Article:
Last week’s blog was about a trip I took to the Rio Puerco Valley a few weeks back, discovering for myself that one didn’t have to drive hundreds of miles to find hoodoos and broken bluffs. That trip inspired the following short story. Unfortunately, it grew to the point where I need to break it in half. So we’ll get he opening of the story this week and the conclusion next week. I hope you enjoy the tale.
|The Rio Puerco with Cabezon Peak|
in the background
Photo Courtesy of geoinfo.nmt.edu
RIO PUERCO APHRODITE
She was just there. Suddenly. Unaccountably. Standing motionless twenty yards away like a Greek Aphrodite risen from the sea foam. Or this case from the Rio Puerco, which translates into Pig River, giving the illusion an ironic twist. Even clad in short shorts, halter, and canvas walking shoes—inappropriate for the environment—the erotic image still lingered.
I had been perfectly content to be alone in this rugged section of the Rio Puerco Valley. So far as I knew, I was the only soul in this volcanic wasteland served by the ephemeral Rio Puerco, even though not more than twenty miles to the east lay Rio Rancho and Albuquerque. I say ephemeral because that’s what they call a river without streamflow for a good part of the year. At the moment, it was semi-full of water flowing peacefully past my campsite on its journey south to join the Rio Grande somewhere below Belen.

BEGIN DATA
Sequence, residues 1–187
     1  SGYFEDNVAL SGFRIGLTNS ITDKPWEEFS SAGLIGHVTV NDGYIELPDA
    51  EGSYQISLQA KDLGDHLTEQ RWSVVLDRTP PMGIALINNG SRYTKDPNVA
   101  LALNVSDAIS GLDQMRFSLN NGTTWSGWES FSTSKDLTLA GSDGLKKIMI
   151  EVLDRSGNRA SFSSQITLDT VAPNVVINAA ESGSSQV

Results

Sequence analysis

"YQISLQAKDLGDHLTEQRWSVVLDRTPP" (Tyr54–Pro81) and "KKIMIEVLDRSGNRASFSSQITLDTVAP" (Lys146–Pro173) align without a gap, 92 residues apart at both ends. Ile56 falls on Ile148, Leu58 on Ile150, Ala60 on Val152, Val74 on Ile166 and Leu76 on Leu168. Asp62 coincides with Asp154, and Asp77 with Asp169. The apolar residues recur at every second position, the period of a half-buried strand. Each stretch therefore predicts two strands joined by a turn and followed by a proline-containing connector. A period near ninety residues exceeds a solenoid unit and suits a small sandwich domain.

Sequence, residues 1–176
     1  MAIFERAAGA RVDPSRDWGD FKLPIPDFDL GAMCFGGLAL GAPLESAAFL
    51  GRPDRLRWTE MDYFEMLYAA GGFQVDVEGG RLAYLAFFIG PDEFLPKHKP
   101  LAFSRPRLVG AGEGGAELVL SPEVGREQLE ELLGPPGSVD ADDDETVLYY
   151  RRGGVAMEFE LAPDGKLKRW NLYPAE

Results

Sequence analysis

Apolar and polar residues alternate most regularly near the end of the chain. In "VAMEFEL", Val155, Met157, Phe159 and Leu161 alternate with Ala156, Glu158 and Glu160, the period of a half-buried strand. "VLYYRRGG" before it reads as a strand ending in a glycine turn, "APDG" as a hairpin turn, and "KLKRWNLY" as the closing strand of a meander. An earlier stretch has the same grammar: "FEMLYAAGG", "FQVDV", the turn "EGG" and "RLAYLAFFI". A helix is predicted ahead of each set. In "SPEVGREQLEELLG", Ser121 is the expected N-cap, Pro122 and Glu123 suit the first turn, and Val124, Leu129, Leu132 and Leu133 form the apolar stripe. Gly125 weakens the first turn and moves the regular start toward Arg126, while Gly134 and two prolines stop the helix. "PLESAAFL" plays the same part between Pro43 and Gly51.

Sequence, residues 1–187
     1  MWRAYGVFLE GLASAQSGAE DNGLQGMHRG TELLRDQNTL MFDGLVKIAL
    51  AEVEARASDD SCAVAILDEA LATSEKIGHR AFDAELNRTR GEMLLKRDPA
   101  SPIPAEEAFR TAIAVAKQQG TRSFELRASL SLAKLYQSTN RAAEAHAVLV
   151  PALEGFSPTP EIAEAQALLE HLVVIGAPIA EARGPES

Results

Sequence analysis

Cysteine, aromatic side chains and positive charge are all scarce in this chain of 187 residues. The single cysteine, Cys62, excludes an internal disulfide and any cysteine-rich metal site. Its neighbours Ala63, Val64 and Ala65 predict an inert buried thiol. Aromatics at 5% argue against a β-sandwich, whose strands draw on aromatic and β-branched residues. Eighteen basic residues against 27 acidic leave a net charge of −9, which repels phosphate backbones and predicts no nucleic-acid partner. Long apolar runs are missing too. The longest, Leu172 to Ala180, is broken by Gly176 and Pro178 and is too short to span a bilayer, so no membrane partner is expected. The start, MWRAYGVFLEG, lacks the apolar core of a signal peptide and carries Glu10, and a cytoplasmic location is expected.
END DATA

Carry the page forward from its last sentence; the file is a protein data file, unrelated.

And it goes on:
The population of my little Eden doubled when the blonde-tressed, alabaster statue came alive and stumbled toward me with a delicate hand shading her blue eyes. “Thank God! Can you help me?” she asked in a throaty alto.
I rose from where I had been cleaning my solar cook stove to face her. “If I can, ma’am. What’s the problem?”
“I’m stranded. I need a ride back to Albuquerque.”
“Well, sure. I’ll be happy to help you.” I frowned. “How’d you get here? I mean, where’s your vehicle. If it conked out, maybe I can get it running. I’m a decent home garage mechanic.” I clamped my mouth shut to keep from babbling on.
“About a mile north, but don’t bother. The engine froze, and there’s oil all over the ground.”
“Must have high-grounded and tore out the oil pan.”
“I guess.” She glanced at my Jeep Wrangler in the near distance. “But your car works all right, doesn’t it?”
I saw the puzzlement in her eyes and explained why the vehicle was parked so far from where I’d made camp. “The Rio Puerco has a reputation for sudden flooding, and I don’t want my lifeline to civilization to be caught in one.”
“I’m happy to help, but it’s a little late to tackle the road back to town.”
She turned to glance west where the low-hanging sun was painting a brilliant landscape for the folks of New Mexico. “We should be able to make it.”
I shrugged and reasoned with her. “The best road back to town is north, the way you came in. And you tore out the bottom of your car in broad daylight.”
“Can’t go that way. It’s blocked. My dead Nissan is sitting right in the middle of the road in a nasty wash.”
“Well, there you go. I’m not about to tackle the south road this time of day. We’d lose the light before we even get to the bad spots in the road. You’ll just have to stay the night, and we’ll start out early in the morning.”